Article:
Mortality rate ratios and the associated proportional hazards models have been used to summarize the effect of Alzheimer's disease on longevity. However, the mortality rate ratios vary by age and therefore do not provide a simple parsimonious summary of the effect of the disease on lifespan. Instead, we propose a new parameter that is defined by an additive multistate model. The proposed multistate model accounts for different stages of disease progression. The underlying assumption of the model is that the effect of disease on mortality is to add a constant amount to death rates once the disease progresses from an early to late stage. We explored the properties of the proposed model; in particular the behavior of the mortality rate ratio and median survival that is induced by the model. We combined information from several data sources to estimate the parameter in our model. We found that the effect of Alzheimer's disease on longevity is to increase the absolute annual risk of death by about 8% once a person progressed to late stage disease. Most importantly, we find that this additive effect is the same regardless of the patients' age or gender. Thus, the proposed additive multi-state model provides a parsimonious and clinically interpretable description of the effects of Alzheimer's disease on mortality.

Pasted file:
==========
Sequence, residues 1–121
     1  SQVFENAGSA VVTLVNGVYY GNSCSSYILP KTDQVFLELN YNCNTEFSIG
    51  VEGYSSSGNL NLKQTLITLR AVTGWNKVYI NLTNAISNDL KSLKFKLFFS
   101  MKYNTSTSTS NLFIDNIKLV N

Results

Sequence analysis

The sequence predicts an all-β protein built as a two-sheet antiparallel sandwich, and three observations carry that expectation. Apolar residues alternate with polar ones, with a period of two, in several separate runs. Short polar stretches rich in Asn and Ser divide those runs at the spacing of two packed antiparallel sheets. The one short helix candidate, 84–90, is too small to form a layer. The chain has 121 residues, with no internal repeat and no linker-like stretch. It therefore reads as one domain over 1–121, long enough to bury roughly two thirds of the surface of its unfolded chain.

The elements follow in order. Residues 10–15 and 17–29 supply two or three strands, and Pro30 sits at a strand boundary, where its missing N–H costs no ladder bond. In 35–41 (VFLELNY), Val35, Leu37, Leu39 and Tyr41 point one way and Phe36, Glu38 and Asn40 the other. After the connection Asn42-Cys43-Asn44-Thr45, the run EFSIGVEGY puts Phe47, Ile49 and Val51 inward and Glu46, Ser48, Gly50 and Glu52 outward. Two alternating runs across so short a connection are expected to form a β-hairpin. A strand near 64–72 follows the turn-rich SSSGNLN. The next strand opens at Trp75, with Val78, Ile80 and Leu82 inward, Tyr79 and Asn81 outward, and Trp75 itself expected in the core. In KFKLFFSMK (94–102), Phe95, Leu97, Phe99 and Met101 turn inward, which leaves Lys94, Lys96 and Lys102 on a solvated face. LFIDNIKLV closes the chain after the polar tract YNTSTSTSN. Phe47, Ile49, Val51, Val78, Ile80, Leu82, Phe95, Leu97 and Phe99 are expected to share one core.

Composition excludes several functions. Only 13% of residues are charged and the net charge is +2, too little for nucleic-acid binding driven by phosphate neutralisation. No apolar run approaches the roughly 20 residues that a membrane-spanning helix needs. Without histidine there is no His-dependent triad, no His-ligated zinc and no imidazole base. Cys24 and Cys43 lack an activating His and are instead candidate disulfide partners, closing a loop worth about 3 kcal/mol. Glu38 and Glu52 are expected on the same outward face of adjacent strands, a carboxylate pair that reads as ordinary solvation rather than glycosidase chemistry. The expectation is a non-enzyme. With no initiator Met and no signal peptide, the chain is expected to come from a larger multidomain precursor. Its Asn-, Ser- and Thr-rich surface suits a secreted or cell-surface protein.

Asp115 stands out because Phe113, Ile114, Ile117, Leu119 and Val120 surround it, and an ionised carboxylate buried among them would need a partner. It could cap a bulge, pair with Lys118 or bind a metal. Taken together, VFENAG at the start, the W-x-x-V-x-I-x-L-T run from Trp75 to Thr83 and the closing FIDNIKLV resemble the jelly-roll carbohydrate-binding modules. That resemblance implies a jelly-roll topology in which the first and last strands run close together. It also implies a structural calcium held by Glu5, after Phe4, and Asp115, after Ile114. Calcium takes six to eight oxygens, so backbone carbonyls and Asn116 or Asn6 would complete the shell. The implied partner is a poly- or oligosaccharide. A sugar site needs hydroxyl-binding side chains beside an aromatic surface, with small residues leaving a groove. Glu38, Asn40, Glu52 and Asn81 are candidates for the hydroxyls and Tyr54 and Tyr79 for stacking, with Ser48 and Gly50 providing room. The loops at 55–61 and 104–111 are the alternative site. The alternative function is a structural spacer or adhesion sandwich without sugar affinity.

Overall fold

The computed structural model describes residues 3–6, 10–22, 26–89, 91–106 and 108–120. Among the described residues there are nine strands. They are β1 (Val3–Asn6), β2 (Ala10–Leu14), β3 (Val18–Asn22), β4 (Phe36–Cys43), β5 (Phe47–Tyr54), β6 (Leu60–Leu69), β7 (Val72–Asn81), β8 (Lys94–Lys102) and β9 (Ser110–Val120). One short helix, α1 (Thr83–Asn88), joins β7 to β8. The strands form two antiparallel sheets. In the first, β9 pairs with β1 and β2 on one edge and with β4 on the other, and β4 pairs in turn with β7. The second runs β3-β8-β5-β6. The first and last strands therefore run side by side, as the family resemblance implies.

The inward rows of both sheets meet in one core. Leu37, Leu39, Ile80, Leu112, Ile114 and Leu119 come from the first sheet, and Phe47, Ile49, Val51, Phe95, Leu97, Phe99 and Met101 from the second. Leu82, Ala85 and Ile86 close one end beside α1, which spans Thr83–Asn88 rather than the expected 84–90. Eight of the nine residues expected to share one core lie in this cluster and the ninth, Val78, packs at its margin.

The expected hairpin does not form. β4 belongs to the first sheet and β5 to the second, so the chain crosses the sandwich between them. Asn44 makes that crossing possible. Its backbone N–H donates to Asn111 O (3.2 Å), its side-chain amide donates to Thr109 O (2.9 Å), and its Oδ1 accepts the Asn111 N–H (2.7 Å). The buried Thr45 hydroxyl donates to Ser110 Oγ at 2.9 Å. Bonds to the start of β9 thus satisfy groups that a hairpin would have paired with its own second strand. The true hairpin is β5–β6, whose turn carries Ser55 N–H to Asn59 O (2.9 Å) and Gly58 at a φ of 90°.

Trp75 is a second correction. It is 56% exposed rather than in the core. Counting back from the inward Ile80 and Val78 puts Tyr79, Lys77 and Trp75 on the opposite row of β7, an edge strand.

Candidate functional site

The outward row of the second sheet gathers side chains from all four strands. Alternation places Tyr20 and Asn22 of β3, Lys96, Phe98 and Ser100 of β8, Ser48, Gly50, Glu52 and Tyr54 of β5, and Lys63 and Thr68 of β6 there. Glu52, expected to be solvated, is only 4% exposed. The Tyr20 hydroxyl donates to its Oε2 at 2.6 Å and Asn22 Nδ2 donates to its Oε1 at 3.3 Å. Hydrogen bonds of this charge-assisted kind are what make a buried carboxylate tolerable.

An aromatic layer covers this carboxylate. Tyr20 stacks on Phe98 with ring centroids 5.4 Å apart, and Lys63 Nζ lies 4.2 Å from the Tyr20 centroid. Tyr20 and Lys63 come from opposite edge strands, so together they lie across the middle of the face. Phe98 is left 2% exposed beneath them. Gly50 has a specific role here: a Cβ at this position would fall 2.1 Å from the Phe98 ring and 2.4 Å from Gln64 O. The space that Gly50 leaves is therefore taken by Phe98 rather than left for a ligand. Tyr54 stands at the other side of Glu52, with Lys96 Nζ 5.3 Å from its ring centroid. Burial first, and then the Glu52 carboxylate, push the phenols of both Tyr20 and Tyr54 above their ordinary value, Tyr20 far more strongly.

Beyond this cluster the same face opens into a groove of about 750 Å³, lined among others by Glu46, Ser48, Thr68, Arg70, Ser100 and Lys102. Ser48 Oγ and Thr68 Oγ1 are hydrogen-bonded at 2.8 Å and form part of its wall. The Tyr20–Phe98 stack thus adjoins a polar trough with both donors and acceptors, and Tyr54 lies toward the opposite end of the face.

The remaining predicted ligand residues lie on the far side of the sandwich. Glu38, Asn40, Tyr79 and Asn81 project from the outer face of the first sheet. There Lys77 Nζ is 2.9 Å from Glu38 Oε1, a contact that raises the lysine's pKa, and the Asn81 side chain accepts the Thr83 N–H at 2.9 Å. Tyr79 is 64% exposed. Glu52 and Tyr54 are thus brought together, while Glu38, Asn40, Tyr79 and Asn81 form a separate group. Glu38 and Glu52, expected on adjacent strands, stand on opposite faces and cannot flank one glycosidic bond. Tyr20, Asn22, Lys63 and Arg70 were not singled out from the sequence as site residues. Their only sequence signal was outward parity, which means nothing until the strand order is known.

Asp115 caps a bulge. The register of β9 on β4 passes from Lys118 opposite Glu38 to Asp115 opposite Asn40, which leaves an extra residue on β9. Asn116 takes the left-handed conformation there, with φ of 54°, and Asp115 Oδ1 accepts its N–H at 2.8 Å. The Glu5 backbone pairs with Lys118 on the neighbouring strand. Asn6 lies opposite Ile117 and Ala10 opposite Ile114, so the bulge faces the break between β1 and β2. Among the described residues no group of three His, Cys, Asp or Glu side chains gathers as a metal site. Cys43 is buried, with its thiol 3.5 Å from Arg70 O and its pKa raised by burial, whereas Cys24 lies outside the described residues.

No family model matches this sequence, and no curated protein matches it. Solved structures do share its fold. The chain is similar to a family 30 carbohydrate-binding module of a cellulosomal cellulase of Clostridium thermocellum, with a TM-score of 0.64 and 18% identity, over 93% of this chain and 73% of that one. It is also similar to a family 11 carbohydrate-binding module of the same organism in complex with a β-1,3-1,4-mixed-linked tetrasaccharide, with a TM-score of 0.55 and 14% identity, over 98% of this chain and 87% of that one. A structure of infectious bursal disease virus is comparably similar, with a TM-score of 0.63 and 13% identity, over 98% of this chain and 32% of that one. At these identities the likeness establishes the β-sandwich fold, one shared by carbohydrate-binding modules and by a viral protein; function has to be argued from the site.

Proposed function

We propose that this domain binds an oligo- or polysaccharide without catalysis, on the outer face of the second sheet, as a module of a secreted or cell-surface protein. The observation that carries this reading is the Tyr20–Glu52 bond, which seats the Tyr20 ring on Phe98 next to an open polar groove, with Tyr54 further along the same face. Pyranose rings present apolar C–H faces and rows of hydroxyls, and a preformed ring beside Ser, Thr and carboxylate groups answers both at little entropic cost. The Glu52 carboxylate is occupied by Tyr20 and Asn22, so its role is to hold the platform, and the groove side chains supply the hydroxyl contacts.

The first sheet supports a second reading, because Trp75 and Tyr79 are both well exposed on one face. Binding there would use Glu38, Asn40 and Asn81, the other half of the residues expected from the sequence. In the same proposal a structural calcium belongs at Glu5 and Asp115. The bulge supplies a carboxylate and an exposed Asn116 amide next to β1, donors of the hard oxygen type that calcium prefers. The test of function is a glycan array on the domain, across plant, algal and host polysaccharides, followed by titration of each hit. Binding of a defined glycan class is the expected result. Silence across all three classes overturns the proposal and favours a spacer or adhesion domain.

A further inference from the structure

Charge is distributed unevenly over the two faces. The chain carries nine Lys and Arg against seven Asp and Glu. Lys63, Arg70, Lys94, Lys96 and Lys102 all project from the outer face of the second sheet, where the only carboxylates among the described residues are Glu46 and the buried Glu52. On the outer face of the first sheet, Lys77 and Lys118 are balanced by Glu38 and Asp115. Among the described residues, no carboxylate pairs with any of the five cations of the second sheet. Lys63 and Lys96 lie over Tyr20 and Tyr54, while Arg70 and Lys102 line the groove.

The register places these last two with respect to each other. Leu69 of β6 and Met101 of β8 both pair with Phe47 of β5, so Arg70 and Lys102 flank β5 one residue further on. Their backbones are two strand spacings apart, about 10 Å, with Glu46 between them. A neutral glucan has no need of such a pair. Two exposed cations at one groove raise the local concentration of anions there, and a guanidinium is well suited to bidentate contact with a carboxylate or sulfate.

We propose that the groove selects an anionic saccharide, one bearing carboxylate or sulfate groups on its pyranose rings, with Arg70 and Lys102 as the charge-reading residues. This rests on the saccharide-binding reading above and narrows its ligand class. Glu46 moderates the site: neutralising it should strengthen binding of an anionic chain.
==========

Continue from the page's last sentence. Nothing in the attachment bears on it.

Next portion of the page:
IJB publishes biostatistical models and methods, statistical theory, as well as original applications of statistical methods, for important practical problems arising from various sciences. It covers the entire range of biostatistics, from theoretical advances to relevant and sensible translations of a practical problem into a statistical framework, including advances in biostatistical computing.
01 May 2005
Antoine Chambaz, Alan E. Hubbard and Mark J. van der Laan